Detour around Brussels Estonia, Latvia Sign Visa-Waiver Deals with US

Estonia and Latvia are signing their own visa-waiver deals with the US, paving the way for their citizens to enter the country without visas. The European Union is annoyed at the move, which Commission officials feel undermines their authority.

Estonia and Latvia are taking a detour around Brussels in the quest for visa-free travel.

Estonia and Latvia are taking a detour around Brussels in the quest for visa-free travel.

Impatient at the slow pace of European Union negotiations, two Baltic states are setting up their own deals with the US to provide visa-free travel for their citizens, despite protests from Brussels.

Estonia signed a bilateral visa-waiver deal with the US on Wednesday morning, with Latvia due to follow suit later on Wednesday.

Most of the EU's 27 members have visa-waiver deals with the US, allowing their citizens to enter the country for short visits without visas. However all but one of the 12 states that joined the EU in 2004 and 2007, most of which are in Eastern Europe, have no such deals. Neither does Greece, which has been an EU member since 1981.

Some of the new EU states, impatient at the slow pace of EU-US negotiations on the issue, have pressed on with their own bilateral deals. The Czech Republic already reached its own visa-waiver agreement with the US in February in return for increased cooperation on air security and Hungary is expected to reach a similar agreement later in March.

The move by the Eastern European states is creating tension with the European Commission, which wants to be the single negotiator with the US on visa-waiver deals. The Commission, which has already tried to put pressure on the US to give citizens of all EU states visa-free travel, feels bilateral deals infringe on its authority over visa and border policy. It is also worried that such deals might allow the US to pressure individual countries to give US authorities additional data on air passengers on top of that stipulated in an existing US-EU agreement.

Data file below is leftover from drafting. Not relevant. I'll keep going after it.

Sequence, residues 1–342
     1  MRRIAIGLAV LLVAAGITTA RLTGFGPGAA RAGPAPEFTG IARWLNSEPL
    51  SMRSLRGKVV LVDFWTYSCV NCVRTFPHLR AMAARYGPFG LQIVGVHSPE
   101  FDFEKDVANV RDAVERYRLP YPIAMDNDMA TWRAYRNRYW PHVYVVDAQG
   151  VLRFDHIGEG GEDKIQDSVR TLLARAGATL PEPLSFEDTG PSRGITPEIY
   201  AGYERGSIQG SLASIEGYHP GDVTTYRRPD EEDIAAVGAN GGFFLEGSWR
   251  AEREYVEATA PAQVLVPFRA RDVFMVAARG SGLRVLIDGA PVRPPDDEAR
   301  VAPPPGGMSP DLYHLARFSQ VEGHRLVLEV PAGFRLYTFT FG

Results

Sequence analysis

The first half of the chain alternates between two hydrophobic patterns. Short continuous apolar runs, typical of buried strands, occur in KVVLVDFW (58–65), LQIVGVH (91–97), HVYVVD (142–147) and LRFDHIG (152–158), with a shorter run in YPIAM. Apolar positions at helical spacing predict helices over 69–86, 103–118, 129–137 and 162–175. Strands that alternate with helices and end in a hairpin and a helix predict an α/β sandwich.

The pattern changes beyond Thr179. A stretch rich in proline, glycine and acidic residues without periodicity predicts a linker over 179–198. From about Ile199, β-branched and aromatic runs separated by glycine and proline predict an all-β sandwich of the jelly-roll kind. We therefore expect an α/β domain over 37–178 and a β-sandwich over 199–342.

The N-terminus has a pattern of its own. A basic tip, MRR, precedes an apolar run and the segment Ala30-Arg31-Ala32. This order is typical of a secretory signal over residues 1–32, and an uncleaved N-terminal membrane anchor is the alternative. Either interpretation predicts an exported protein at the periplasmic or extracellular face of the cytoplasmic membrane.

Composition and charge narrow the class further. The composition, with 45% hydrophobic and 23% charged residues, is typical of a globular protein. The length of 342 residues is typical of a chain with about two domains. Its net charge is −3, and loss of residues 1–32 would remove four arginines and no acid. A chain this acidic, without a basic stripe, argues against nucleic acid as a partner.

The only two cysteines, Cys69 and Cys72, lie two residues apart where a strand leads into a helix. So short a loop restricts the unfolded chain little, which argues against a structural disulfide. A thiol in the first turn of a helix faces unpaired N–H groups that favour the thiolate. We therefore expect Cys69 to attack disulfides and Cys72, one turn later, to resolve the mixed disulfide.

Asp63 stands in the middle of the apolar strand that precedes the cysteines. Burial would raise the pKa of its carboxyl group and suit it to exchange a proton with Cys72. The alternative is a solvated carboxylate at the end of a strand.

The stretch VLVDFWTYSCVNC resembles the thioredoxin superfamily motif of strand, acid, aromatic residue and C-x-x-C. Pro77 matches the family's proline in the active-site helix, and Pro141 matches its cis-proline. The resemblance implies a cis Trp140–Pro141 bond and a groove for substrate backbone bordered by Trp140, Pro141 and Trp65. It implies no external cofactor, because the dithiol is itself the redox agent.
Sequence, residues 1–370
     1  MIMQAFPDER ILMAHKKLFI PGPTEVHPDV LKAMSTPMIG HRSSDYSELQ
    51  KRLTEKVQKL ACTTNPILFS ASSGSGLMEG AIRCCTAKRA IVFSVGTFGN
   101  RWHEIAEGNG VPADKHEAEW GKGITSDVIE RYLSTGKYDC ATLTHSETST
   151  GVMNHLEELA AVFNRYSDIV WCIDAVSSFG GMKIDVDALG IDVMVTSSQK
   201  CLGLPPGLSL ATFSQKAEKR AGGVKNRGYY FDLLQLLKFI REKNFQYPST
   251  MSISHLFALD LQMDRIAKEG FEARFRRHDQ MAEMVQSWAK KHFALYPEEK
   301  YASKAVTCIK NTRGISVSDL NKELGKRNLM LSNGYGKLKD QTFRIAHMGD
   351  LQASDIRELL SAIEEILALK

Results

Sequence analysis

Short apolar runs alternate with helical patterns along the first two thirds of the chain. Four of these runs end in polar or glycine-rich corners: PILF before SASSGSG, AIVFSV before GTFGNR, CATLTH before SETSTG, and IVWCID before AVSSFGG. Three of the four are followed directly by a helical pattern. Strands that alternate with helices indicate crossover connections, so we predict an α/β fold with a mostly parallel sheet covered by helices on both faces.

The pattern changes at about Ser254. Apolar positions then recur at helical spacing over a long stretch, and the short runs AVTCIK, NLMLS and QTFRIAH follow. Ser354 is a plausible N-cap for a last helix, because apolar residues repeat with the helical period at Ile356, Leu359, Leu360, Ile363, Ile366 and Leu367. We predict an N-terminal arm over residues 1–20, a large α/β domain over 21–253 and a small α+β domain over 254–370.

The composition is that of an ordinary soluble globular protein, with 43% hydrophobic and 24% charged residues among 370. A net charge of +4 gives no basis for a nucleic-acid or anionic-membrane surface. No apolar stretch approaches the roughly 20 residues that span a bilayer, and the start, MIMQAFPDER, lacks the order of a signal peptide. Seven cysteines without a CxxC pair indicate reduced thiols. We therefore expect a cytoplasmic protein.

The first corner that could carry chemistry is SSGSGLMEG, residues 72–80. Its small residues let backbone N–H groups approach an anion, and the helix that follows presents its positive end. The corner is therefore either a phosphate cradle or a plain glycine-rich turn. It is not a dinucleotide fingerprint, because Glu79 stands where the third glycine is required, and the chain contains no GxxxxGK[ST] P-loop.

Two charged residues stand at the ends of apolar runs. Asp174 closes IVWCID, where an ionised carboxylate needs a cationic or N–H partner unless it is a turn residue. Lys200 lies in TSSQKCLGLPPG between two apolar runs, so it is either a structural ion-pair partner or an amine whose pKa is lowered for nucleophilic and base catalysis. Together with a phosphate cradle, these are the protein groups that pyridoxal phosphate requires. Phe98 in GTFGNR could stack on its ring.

Speaking in the Estonian capital Tallinn Wednesday, US Secretary for Homeland Security Michael Chertoff said the Estonian deal was a "win-win for everyone." He dismissed concerns that Estonia was circumventing Brussels: "There is nothing that is not in agreement with EU competences."

Estonian President Toomas Hendrik Ilves said Tuesday that Estonia had been striving toward visa-free travel for four years and refused to wait any longer. "It strikes me as odd that countries that have had visa-waiver deals for decades suddenly say that you can't have them," he said.

European Justice and Security Commissioner Franco Frattini said Tuesday he hoped that a visa-waiver program for all EU states could be endorsed by Washington at an EU-US summit in June and be implemented by the end of the year.

However a US Homeland Security official, who preferred to remain anonymous, told the Associated Press that the US was not considering a blanket enrollment of the EU into the scheme and was instead negotiating deals with individual countries.

One EU ambassador told the Financial Times that the quarrel between Brussels and the new EU members threatened to overshadow an EU summit on Thursday and Friday. "The atmosphere is extremely tense on this. It might explode in a really bad way," the ambassador said, speaking on condition of anonymity.

Meanwhile on Tuesday Germany and the US signed a bilateral agreement on sharing personal data, fingerprints and DNA samples of people suspected of terrorist activity. Under the new deal, which needs to be approved by the US and Germany's parliaments, each country can query the other about whether they have information on a particular terrorist suspect.

"We are fighting a networked international enemy and therefore we have to respond with a global network of our own," said Chertoff, who was in Berlin to sign the agreement together with German Interior Minister Wolfgang Schäuble.

Speaking at a press conference hosted by the American Academy at Berlin's Adlon Hotel, Chertoff said the data-sharing plan between the US and Germany was part of a larger project to set up international "tripwires that allow the vast majority of people to pass unimpeded" but catch terrorists as they cross international borders.

Schäuble said that worries about personal freedom being abused were "exaggerated." "It doesn't help to always be PC," he said. "The world has changed a whole lot."

Critics in Germany say the agreement violates German privacy laws, but US and German officials said they hoped the agreement would pave the way for similar deals between the US and other EU members.



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